India’s sinking towns are concerning

If potholes between roads aren’t scary enough, welcome to a country with massive sinking potholes that are enough to gobble up your cars and your buildings all at once.


This is a tale that Joshimath, a town in Uttrakhand with a population of 20000 people is witnessing right now. The roads, buildings, towns, and temples in the town have developed massive cracks and people are being evacuated from their homes. 


Now while this is a natural disaster, maybe it’s not so natural after all.


Let’s introduce you to land subsidence.


Has it ever happened that the land you are standing on suddenly gives in and forms a massive pit? No? Just in your dreams? Well, that’s it!


And land subsidence is something for which people are pointing fingers at each other right now, starting from Border Roads Organization.


BRO is being blamed because of their construction of a new bypass using some heavy machinery in the mountains. The continuous construction seems to be weakening the land structure. 


Others are blaming the overdevelopment in Joshimath where the tours and treks for tourists are depreciating the town. Since the town was actually built on the debris of a landslide, you can imagine that it was never safe, to begin with.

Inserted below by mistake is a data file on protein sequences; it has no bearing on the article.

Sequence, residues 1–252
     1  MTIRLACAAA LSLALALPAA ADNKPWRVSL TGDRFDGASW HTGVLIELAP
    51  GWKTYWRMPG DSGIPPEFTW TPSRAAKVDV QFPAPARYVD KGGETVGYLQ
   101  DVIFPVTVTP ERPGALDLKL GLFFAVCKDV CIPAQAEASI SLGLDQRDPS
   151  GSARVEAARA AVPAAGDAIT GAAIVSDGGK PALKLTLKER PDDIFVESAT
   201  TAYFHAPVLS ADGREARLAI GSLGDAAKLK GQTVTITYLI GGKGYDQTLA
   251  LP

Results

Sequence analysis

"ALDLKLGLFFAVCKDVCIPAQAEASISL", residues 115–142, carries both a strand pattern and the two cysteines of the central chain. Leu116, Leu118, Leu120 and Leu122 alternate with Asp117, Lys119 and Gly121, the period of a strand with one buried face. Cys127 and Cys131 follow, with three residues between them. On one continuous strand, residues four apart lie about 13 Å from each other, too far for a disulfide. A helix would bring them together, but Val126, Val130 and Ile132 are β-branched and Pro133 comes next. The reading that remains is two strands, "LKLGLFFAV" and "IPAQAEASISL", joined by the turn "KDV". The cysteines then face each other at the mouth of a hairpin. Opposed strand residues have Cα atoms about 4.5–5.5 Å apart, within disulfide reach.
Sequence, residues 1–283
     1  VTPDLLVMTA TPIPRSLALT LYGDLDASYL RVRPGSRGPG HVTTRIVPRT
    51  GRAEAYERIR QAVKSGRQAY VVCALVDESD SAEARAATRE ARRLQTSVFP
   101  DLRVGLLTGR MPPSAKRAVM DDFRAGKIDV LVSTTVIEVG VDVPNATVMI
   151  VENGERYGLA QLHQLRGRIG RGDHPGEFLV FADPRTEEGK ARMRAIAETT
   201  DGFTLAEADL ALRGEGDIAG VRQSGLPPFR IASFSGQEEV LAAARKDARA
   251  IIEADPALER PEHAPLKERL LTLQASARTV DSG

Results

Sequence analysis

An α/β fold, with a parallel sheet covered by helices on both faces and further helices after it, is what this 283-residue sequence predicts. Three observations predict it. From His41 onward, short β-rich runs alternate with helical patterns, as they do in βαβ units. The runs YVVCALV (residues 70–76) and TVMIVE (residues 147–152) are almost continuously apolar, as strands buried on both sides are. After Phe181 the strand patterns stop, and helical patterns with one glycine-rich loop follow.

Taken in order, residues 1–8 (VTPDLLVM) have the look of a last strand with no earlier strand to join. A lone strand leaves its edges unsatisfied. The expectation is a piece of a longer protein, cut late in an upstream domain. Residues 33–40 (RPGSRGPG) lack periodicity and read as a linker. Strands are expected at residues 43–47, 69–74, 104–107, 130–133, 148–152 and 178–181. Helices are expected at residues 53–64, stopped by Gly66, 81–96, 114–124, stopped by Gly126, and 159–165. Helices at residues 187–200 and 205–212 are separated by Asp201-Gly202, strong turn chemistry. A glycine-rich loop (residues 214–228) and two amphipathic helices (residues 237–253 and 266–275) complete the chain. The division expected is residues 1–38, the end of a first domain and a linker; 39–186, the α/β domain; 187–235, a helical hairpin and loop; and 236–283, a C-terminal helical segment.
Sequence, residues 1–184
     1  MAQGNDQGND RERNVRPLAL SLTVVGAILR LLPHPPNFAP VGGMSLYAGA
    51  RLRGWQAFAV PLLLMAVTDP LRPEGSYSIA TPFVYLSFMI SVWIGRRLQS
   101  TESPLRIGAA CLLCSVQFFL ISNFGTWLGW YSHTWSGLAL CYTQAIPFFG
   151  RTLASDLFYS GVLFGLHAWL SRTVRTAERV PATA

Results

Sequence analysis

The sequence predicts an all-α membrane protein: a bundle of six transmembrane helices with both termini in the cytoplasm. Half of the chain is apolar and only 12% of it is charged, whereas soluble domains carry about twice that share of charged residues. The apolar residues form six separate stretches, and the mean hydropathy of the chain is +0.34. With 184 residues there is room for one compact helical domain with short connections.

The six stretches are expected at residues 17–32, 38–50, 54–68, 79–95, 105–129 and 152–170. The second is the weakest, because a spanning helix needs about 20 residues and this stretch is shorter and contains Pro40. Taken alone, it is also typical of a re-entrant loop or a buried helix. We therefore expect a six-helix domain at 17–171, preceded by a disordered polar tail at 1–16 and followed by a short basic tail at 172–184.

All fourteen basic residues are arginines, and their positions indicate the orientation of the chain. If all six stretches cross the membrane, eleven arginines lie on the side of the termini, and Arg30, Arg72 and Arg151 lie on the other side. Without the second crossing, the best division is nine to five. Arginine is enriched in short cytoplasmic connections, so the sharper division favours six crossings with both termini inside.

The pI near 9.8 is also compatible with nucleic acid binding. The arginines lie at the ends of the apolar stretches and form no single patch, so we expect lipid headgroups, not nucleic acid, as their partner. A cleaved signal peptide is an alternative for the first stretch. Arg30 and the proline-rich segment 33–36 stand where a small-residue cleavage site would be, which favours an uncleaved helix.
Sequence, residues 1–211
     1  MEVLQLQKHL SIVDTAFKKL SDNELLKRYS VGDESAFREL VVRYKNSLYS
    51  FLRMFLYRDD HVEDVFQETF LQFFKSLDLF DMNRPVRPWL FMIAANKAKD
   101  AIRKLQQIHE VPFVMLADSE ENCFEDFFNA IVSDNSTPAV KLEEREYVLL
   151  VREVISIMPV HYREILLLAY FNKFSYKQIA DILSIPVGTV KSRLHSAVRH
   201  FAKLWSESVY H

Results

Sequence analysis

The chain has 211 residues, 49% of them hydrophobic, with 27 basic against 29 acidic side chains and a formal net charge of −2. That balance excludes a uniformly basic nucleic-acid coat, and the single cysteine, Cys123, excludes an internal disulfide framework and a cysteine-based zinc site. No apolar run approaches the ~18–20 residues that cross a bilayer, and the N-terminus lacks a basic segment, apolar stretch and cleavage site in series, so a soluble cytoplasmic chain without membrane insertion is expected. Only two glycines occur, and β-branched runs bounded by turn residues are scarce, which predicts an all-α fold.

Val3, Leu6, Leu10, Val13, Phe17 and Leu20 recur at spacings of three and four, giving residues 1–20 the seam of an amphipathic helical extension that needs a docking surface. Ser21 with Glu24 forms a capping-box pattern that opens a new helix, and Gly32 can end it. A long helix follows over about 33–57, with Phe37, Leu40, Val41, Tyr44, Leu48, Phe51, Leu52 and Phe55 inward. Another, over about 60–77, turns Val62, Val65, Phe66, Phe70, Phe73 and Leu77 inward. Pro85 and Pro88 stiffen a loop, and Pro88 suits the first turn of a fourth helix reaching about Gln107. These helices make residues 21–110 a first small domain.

But let’s step away from pointing fingers for a second and focus on a major problem – hydropower projects


Hydropower projects promise an eco-friendly energy generation with a safe future. But this safe future is what is jeopardizing the present. Renewable energy projects that are ‘green’ and use the power of the Himalayan rivers are actually a major threat which is possibly the main problem for Joshimath too — the Tapovan Vishnugad Hydro Power Project by government-owned NTPC. 


These projects require water – A LOT OF WATER! Especially in the mountains where you are fighting gushing water flows by establishing dams.


Then comes the underground tunnels and then comes the gigantic power stations. Then come the deep wells and the delegation of wastewater.


And to set all of this up, you need to drill into the hills. And if it’s not done right, it can puncture aquifers — rocks that contain groundwater — and disturb the land underneath our feet. 


You get the point!


Even though the NTPC denies its role in the affair, it’s almost evident that there now are official records that showed NTPC’s tunnel boring machine had punctured rocks with water multiple times in the past. And one by one, all these transgressions might have led to this crisis today. 


This problem isn’t limited to Joshimath only. Unchecked massive projects with a lot of room for error are a threat to every city or town, and the government needs to ensure the safety of all the people before even initiating a project like this.

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